While on my Electrophysiology rotation, I was asked to interrogate an ICD of a patient who had received a shock from her device the night prior to admission. I performed the interrogation, confirmed that it was an appropriate shock for VT, noting that multiple appropriate shocks had occurred in the preceding months. As I was leaving the patient’s room, I was stopped by a family member.
“So, doctor, how bad is it?” she asked.
I knew only that the ICD was placed for primary prevention in the setting of heart failure with a depressed ejection fraction several years ago, and that this was the first time the device had fired since it had been implanted, and that the patient had been admitted in decompensated heart failure.
With concern in her voice, she continued, “She was doing ok before this; what does this mean and how much time does she have left?”
I was caught off guard and I hesitated for a moment, trying to think of the right words to say regarding a delicate issue about which I did not have enough information to address. As I thought of a response, I couldn’t help but think about what we have learned from long term follow up studies of the large ICD trials (such as MADIT and DINAMIT) – that although ICD’s deliver life-saving therapies, the people who do benefit from those life-saving therapies have been shown to have a significantly decreased survival after therapy compared to those who never receive them. At the same time, I also remembered that every patient is an individual, so that finding may not necessarily apply in any particular case.
I acknowledged their concern, but given that I was only peripherally involved, I asked them to wait to speak with the primary cardiologist who had been involved in their family member’s care for a long time. As I walked away, I couldn’t help but feel some relief in avoiding the complexities involved with addressing the “prognosis” question; but I was left with a lingering unease. I kept thinking, if this truly had been my patient, what would I say if I had been asked how long this patient had left to live?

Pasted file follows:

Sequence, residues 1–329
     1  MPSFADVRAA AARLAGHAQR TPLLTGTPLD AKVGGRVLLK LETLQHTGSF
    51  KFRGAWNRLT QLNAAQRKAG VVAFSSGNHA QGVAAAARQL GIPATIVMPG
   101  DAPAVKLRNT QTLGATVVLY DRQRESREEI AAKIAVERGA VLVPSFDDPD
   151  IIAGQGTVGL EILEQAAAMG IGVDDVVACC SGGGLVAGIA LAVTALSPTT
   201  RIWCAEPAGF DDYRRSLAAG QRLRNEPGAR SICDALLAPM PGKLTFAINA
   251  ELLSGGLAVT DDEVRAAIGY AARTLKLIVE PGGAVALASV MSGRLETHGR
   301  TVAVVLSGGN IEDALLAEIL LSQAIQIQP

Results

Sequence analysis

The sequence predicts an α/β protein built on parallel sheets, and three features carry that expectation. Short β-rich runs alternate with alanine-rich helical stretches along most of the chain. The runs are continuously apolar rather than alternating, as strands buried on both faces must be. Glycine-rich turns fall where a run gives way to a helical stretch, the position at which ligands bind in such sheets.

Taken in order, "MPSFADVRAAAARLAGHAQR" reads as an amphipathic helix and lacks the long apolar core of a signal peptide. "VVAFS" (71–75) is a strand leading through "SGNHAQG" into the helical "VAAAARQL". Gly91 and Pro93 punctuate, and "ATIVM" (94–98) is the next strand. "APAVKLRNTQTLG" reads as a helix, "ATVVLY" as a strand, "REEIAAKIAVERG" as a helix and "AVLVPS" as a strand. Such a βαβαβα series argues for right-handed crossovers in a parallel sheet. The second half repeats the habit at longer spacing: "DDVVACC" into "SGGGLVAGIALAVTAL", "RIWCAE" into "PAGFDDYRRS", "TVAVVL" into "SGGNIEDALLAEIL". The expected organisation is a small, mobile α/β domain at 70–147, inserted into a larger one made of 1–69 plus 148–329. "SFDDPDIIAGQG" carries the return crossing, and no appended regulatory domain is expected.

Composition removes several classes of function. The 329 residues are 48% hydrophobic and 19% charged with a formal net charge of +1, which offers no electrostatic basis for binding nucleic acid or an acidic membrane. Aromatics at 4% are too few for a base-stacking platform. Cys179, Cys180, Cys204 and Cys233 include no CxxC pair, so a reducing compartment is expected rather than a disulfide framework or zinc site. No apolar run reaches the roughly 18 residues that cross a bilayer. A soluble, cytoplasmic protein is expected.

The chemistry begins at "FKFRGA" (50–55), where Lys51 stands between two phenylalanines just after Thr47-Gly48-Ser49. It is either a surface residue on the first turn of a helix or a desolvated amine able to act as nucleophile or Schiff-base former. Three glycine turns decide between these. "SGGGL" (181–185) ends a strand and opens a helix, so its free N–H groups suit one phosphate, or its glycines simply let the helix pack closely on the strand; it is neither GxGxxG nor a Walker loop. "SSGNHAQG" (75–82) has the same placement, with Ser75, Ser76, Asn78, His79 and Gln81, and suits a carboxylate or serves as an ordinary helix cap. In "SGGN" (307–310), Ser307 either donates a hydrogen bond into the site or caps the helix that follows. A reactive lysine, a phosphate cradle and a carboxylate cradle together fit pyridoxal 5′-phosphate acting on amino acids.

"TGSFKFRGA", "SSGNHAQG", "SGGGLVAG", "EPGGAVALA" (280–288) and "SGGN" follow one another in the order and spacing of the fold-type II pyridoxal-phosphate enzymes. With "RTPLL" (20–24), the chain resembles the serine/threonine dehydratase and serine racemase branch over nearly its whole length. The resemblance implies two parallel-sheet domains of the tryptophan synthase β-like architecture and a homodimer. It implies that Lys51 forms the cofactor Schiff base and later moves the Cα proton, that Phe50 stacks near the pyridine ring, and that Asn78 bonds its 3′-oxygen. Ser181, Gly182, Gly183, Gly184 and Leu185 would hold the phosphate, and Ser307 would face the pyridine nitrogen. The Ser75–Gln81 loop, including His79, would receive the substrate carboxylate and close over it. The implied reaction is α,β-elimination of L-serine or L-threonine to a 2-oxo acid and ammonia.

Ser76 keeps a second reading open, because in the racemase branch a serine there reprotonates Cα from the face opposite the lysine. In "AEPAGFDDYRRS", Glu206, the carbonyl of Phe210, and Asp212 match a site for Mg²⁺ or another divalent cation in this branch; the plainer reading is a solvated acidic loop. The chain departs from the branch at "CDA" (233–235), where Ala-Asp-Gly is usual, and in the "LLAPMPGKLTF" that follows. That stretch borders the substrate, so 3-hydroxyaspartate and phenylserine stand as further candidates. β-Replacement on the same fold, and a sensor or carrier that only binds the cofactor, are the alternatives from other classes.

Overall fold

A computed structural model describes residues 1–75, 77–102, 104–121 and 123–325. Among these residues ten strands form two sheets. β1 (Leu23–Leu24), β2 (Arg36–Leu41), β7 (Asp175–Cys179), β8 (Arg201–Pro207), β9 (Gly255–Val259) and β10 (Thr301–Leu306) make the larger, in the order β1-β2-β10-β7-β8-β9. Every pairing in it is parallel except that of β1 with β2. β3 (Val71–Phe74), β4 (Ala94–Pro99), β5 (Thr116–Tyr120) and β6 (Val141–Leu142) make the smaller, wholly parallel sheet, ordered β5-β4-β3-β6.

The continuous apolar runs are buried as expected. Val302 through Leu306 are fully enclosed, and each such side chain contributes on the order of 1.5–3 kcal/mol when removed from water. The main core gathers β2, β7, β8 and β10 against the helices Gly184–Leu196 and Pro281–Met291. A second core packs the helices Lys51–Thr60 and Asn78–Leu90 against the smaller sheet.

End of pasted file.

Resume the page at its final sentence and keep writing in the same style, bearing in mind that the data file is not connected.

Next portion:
Several years ago when I was deciding on subspecialty fellowship training, one of the many reasons why cardiology was so appealing to me was the incredible capability of being able to save people’s lives while also maintaining their quality of life– either with live-saving PCI during STEMI, medical optimization in heart failure, or even bi-ventricular ICD implantation. Our training and practice is built on the backbone of “best evidence” from trials with thousands of patients that have shown us how to improve morbidity and mortality in patients with cardiovascular disease. But what happens when our interventions don’t work anymore? What happens when our patients arrive at that tail end of the survival curve?
In fellowship, the emphasis of our training is often focused on life-prolonging interventions, but when do we learn how to approach end-of-life issues with our patients? What has your experience been as a fellow, and for those with more experience in practice, how do you navigate end-of-life issues?
What would you say to this patient and her family?